I do not wake up “happy.” I do not greet the dawn with “a smile on my face and a song in my heart.” In fact, my first thought when I awaken is usually, “Oh, crap. I didn’t die in my sleep again last night.”
The older I get, the more I see the daylight hours as something to “get through” in order to reach the night’s quiet solitude.
During the day, I am constrained – by obligations, expectations, and people who have put me in a tidy little box. “We know who you are. Please be that.” Come the night, that all falls away. Alone, in solitude, I can just be me, instead of that.
It is in the lack of light that I truly see. The daylight blinds. It is the night’s darkness that opens wide the eyes. Oh, look at that. How beautiful.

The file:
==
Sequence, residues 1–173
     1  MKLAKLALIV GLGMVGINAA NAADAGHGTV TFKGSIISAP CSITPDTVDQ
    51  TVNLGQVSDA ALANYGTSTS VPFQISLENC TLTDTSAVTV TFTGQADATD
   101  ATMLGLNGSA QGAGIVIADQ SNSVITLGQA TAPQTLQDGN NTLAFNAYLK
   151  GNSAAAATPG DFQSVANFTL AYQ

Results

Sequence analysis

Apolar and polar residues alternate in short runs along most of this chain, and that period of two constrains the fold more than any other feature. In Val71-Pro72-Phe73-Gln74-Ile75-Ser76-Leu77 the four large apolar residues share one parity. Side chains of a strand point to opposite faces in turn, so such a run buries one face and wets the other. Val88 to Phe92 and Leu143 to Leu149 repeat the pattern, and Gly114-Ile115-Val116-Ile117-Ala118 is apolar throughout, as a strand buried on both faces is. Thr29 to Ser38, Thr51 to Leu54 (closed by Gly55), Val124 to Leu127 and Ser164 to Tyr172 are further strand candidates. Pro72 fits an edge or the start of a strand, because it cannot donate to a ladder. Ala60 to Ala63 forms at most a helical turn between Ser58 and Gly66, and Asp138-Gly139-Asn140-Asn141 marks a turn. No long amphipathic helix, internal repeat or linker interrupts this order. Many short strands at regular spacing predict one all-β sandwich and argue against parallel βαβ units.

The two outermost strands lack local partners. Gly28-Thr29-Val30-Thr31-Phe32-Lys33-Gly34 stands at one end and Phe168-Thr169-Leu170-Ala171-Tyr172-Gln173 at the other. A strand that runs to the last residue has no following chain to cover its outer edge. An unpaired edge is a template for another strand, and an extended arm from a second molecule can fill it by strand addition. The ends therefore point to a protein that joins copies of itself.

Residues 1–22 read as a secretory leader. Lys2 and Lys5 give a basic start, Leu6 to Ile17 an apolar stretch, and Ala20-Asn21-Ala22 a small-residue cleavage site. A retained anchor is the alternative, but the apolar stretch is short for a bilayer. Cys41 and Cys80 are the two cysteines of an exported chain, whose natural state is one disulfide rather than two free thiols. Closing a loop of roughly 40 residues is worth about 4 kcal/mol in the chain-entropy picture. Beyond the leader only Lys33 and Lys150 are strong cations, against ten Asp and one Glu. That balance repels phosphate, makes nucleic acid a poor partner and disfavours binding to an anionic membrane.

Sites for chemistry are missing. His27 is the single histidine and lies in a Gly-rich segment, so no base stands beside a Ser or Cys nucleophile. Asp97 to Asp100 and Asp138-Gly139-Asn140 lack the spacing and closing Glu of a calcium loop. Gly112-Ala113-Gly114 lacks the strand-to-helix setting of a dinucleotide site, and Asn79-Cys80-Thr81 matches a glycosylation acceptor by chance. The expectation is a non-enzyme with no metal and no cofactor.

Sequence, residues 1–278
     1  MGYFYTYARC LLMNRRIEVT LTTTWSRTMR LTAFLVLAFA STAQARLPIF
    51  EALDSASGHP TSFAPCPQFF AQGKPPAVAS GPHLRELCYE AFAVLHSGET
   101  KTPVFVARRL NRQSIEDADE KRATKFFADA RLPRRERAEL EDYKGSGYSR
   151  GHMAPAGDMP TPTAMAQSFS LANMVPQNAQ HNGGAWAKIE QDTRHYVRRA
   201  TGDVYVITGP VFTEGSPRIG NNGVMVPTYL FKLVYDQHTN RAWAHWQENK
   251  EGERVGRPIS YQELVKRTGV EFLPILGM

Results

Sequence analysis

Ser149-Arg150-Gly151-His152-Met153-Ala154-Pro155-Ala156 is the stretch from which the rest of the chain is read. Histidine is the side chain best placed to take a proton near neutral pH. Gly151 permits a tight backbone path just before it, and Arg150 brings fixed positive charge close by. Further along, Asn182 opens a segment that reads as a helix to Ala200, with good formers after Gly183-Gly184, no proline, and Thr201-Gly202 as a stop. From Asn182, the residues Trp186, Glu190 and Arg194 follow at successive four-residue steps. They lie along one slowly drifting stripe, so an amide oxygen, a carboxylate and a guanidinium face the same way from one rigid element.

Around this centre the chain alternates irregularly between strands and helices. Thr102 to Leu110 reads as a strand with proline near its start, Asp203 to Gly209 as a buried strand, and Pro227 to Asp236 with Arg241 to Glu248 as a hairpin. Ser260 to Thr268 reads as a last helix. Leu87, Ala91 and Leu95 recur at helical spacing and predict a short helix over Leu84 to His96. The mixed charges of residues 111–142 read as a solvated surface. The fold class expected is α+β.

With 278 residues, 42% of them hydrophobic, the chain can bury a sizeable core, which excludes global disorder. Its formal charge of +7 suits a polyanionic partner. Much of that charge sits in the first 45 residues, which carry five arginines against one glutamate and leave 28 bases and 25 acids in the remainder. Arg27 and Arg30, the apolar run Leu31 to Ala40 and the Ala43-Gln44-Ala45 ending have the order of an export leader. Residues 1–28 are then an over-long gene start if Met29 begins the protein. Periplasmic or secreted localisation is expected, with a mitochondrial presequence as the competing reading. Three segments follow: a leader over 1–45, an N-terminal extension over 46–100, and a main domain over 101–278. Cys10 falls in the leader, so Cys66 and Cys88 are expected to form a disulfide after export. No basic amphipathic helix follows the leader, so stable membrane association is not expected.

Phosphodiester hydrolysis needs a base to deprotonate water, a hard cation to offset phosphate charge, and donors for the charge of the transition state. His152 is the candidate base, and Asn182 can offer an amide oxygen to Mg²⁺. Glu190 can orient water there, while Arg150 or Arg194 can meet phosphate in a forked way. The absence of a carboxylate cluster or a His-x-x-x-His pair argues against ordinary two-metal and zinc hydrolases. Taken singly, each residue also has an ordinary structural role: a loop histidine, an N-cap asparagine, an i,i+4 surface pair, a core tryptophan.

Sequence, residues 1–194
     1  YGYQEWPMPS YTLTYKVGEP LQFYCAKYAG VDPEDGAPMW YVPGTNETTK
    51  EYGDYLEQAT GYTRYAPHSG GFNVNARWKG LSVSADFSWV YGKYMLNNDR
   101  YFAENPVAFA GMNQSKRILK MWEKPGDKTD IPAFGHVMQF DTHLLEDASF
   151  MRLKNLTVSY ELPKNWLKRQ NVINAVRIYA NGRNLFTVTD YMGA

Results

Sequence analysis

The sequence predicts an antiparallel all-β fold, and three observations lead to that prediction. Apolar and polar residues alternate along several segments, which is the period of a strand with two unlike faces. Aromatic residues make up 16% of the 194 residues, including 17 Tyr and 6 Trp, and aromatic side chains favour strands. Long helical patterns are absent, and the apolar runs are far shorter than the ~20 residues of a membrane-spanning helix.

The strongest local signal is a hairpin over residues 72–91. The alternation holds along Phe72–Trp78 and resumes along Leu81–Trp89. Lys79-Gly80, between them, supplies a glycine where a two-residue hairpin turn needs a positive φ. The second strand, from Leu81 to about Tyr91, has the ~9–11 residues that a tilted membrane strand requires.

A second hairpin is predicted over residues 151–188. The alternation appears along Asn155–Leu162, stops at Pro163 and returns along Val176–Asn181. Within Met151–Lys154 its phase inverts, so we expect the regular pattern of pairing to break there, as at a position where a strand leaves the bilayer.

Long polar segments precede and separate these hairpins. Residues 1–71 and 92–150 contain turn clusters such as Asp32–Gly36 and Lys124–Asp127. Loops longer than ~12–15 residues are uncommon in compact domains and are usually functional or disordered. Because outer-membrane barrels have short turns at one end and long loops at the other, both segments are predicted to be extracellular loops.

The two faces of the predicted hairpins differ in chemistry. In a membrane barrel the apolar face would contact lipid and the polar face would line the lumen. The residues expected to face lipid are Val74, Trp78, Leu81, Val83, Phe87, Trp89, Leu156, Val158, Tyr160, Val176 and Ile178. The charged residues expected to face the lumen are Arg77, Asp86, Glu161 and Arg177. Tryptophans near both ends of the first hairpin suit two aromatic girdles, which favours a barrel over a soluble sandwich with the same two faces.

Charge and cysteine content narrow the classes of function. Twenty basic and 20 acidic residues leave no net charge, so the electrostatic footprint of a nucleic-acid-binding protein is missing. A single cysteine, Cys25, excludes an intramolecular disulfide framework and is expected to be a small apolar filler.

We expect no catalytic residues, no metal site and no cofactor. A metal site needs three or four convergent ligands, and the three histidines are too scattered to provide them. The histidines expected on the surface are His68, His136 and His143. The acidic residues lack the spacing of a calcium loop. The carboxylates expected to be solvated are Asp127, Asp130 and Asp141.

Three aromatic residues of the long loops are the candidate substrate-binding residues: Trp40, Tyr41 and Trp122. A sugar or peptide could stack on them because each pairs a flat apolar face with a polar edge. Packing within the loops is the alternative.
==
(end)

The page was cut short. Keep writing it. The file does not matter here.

I think better at night, or maybe just more. The days are filled with reacting, to people, situations, and an endless stimulus of sights accompanied by a cacophony of sounds. The night quells those things, leaving only me and my thoughts.
It is in the night that I know who I am and sometimes glimpse what I am to be.
It is in the night that I come to know the
And it is in the night that I have come to know what Paul Simon meant when he wrote,
“Hello, Darkness, my old friend.”
It is in the night.